How To Manage A Remote Team (and still have time for Netflix!)

Hi, team!

You greet your guys on Zoom, many of whom are a plane ride away.

Technology has enabled people to work anywhere and has given rise to “remote teams.” These are groups distributed around the world, where some team members might be waking up and gearing for the day as their colleagues several time zones away are turning in for the night.

Remote teams deal not only with time and distance issues, but also have to contend with different first languages, communication styles, work expectations, ideas and values. 

Imagine being the guy or gal who conducts this whole orchestra. How does one manage such an eclectic mix and turn it into a well-oiled machine?

Here are the 4 best practices you need in order to successfully run your remote team.

The 4 Best Practices Of Remote Team Managers

#1 Establish the rules of the game.

There are million-and-one remote teams, and million-and-one ways to run them.

The question is: What would your team be like?

You need to establish this at the very outset.

What are your expectations of the group? You have to go down to the individual level and identify roles and tasks.

For example, for a graphic designer, you need to clarify the kind, quality, quantity and consistency expected. Is content expected each week? What type of content and quality level is acceptable? Who will receive and review the output?

When establishing rules, let people know precisely where the thresholds are. Where are the “lines,” and what do they need to do when they cross them? (Thresholds trigger actions.)

Working remotely gives employees a fair level of independence, with the set-up implicitly trusting them to make decisions. But what decisions should be referred upstairs?

In a budgeting context, for example, you can set a threshold where spends that are above $500 should be cleared first with you.

Set the threshold for communication so your guys don’t have to run and ask your opinion about every little thing about their jobs. (“Should this be in blue or light blue?”) They need to understand thresholds and triggers to go ahead and make the decisions you’ve empowered them to make.

(Note: After deciding on your “rules.” Collect them into a compendium or handbook and upload it online to serve as a reference.)

#2 Communicate simply and clearly.

Miscommunications cost time and money and can spark friction within the group.

A setting that lacks the full impact of non-verbal cues, intonations and inflections, like a spotty Zoom meeting or a torturous email, is ripe for miscommunications.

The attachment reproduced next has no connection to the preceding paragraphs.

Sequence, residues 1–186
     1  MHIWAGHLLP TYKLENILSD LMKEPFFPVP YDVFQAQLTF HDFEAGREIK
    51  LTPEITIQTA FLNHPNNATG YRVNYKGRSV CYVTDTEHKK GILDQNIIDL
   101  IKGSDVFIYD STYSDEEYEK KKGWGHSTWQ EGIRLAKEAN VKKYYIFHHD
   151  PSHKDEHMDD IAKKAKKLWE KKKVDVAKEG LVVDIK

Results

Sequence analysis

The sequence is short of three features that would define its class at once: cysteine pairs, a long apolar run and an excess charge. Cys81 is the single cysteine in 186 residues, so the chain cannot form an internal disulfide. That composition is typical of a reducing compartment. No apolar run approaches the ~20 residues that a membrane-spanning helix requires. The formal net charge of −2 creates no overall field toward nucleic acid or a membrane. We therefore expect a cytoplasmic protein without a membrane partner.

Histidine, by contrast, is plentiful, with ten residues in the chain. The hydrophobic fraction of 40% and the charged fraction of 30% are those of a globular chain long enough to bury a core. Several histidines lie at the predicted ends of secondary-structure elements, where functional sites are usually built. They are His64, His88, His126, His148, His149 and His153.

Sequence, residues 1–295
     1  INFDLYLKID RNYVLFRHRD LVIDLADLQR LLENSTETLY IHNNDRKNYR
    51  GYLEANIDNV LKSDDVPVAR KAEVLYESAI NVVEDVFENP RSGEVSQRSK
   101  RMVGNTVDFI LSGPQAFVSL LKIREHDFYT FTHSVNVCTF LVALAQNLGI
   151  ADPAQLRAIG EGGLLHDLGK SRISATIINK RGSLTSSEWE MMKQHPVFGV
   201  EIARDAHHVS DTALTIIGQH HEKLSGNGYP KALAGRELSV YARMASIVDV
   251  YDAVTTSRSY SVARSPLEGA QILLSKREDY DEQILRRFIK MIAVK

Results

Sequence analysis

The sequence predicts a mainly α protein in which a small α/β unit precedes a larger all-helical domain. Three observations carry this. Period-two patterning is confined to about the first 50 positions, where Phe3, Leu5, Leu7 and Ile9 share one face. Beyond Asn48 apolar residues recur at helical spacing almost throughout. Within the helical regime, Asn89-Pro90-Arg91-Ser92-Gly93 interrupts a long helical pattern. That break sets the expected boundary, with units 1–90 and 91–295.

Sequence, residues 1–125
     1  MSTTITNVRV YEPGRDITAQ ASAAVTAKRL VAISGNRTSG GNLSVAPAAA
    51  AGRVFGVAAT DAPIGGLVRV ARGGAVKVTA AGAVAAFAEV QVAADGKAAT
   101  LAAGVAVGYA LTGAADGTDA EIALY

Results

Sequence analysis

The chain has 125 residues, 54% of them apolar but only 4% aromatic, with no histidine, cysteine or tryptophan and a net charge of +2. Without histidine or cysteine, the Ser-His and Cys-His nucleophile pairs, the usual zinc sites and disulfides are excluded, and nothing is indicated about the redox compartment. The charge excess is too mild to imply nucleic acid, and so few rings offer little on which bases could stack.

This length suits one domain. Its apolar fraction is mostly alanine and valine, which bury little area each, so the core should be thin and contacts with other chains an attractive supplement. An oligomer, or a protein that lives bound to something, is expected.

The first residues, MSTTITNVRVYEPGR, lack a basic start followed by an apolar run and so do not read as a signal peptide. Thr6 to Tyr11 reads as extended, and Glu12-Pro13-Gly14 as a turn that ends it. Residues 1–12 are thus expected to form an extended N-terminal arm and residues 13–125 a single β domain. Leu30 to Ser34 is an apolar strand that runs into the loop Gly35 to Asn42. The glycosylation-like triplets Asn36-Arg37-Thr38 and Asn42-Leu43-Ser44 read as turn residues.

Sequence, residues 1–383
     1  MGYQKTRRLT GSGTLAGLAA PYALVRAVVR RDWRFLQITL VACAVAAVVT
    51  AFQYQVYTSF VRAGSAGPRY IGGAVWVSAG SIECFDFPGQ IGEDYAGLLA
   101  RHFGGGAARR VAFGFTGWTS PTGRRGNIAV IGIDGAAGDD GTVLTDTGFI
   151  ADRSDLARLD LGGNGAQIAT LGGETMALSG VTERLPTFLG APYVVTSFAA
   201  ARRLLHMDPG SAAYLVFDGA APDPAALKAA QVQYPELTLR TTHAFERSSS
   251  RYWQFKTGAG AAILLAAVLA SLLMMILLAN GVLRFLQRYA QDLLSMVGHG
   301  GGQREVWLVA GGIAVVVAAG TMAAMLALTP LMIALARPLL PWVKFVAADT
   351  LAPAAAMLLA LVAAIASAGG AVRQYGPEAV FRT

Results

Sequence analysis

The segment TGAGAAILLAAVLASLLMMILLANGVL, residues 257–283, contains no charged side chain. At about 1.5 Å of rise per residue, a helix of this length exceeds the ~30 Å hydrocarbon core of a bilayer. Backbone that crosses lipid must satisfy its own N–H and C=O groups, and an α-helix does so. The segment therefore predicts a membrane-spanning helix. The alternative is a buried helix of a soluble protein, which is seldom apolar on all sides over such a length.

It will steal productive time through re-dos, edits and the needless volley of clarificatory emails. You waste all that time trying to clear the fog when you could’ve just communicated clearly in the first place.  

So leave no room for misinterpretation, miscommunication and misunderstanding.

Speak or write as clearly, as simply and as effectively as possible. Here are 10 quick tips:

  • Do not use jargon and acronyms. Unless you know everybody understands them.
  • Minimize the use of native-speaker idioms. (eg. “I’m gonna hit the hay guys.”) 
  • Use short sentences in the active voice.
  • Don’t assume. Add context and rationale to your communications so your readers or hearers can follow the thinking process.
  • Use repetition and recap to emphasize your points.
  • Avoid vague, ambiguous, or hedging phrases (eg. “several,” “a lot,” “it seems,” “kind of…”)
  • Be specific. Put numbers, dates, names and details to actions, expectations and processes. (eg. “I want Johnny to do 3 mock-ups and submit the PDFs to Jane on or before Friday, the 24th.”) 
  • Invite questions and clarifications.
  • Avoid using meaningless euphemisms. (eg. “cost containment,” “strategic realignment” and “synergy”)
  • Avoid pop culture references. (eg. “You know nothing, Jon Snow.”)

 #3 Let go!

Remote working is one of the most innovative collaborative setups we have to date. And it brings with it a host of competitive advantages. Leaders and managers need to adopt and adapt to it if they want their organizations to be competitive in this decade.

This means leaders have to let go of micromanaging tendencies. It’ll prove counterproductive in this setup and negate all the advantages and leverage of remote work.